Hot weather Hot dogs


Feeling hot hot hot?? So Are the puppies! 

In a strange turn of events I had 3 of the 4 puppies living with me again for a few weeks. (the last one leaves this coming Saturday!)

This is a mix of wonderful and chaos! – They are 12 weeks old tomorrow and getting bigger and more adventurous. I gave up expecting any of my pot plants in the garden to survive this litter as for some reason lying on top of the little flowers and potted soil became a cooling option for these hot puppies! I guess my rosemary plant offers some sort of shelter from the sun as well because one of the puppies is often to be found nestled between the rosemary sprigs. - They all smelled like roast lamb when they came back inside!!
Thankfully the hot weather means that the puppies do sleep a lot too.

I thought I would share with you in this blog some tips for keeping puppies and dogs cool in this hot weather.

Dogs left in hot Cars
Leaving a dog in a car even for a short time is dangerous and potentially fatal. Please don’t do it. A car can become as hot as an oven very quickly, even when it doesn’t feel that warm to you. When it’s 22 degrees out, inside a car it can reach an unbearable 47 degrees within the hour!

Dogs cannot deal with extreme heat as we can – Dogs do not sweat. They only have panting available to them. Dogs die in hot cars. If your dog has separation anxiety it is still kinder to leave them distressed at home than take them somewhere that they have to remain in the car, there is no excuse, its not ok, please don’t do it.

Leaving your dog in a hot car is deemed animal neglect under the Animal Welfare Act 2006 and you could be slapped with a fine.
Advice from RSPCA: Never leave your dog alone in a car on a warm day. If you see a dog in distress in a hot car, dial 999.
Walking a dog in the heat
Dogs can get heatstroke, and it is not advisable to take a dog out for a walk in the hottest part of the day (-which might surprise you to hear is actually around 3pm).

My older Cockapoo (age 10) would run after a ball every time you throw it even if he is too hot. He is just wired to fetch. If I were to take him out in the hottest part of the day and throw the ball he will run after it. He cannot self regulate. He does not make the best or safest choices. It is my responsibility to make sure I don’t put him at risk. Remember if the sun is beating down on concrete, it can be very hot and might burn their footpads too.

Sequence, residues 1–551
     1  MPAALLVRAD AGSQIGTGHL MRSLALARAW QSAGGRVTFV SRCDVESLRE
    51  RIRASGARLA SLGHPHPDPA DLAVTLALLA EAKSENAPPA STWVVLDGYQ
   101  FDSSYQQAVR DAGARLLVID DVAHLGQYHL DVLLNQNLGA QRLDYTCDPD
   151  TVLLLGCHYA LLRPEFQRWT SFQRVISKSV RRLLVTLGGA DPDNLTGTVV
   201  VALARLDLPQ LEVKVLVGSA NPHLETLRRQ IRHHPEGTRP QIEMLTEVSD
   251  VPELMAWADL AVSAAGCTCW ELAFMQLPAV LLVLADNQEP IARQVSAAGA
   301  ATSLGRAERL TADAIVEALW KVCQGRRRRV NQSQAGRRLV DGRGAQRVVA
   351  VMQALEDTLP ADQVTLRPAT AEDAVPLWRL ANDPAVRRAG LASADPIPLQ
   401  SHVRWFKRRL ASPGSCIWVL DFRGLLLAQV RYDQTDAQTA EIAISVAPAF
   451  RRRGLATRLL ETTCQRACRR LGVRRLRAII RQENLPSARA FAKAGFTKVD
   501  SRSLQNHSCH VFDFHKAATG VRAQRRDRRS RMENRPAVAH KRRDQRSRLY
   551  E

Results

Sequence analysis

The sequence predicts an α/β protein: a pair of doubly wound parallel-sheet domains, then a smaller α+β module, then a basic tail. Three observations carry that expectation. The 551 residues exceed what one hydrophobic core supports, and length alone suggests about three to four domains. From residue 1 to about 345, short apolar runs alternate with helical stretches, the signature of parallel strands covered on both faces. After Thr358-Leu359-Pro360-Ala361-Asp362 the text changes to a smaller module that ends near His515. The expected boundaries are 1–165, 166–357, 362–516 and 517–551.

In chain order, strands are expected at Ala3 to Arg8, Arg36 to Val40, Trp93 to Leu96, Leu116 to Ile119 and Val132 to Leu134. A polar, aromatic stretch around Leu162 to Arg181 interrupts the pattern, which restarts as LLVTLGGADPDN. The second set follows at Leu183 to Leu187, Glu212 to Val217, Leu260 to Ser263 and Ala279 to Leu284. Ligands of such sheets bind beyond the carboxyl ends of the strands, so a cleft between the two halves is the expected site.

If you must take a dog out during the hot part of the day take water with you for the dog and choose to walk in a wooded area with lots of shade and breeze.


On a very hot day Puppies can enjoy a baking tray full of ice cubes and water placed on the grass... they paddle in and out of the water and chase the ice cubes around. Frank particularly loves this game and he dives all 4 feet into the water and digs at the tray splashing water everywhere. This is all good for them as we don’t want our dogs to be afraid of water. 

You might find that puppies occasionally dig in their water bowls – this is most likely a way of cooling themselves down (by getting their paws wet). If you keep your water bowl somewhere easy to clean up it shouldn’t be too big a problem. Don’t worry about drying the puppy off in this weather. They love to go to sleep damp.

And that’s another tip... dampen an old clean towel in cold water and lay the damp towel on the floor for a dog to use to lie on and cool down.

Please Note: These tips are for puppies older than 8-10 weeks, supervised and only on hot days... Young puppies cannot regulate their temperature and you don’t want a young puppy getting too cold.

Another fun thing to introduce on a hot day for all age dogs is a paddling pool of water... maybe with a ball or plastic toy in it to chase around and to encourage the dog to get in and out of the water.

More cooling fun tips:
Give them a frozen carrot (it’s a great chew toy and cooling too)
Make your own doggy lollipops by freezing blended veg or meat broth in ice cube trays or in lollipop makers
Freeze some wet dog food inside a kong and let them work on that for a while.


A note on Kongs:... I have used both the real kong made by “Kong” and the knock off cheaper ones. They don’t look that different at the start ... but it turns out that the cheaper version will quickly show evidence of chewing and there are clearly bite marks in the rubber which will eventually mean that bits of rubber will be bitten off. This does not seem safe to me. My advice is stick with the real thing... It may cost a little bit more but lasts a lot longer and filled with a yummy treat frozen inside it is one of the safest things to leave a puppy alone with for a while.
Have fun in the Sun with your furry ones
All the best

Lydia Faithfull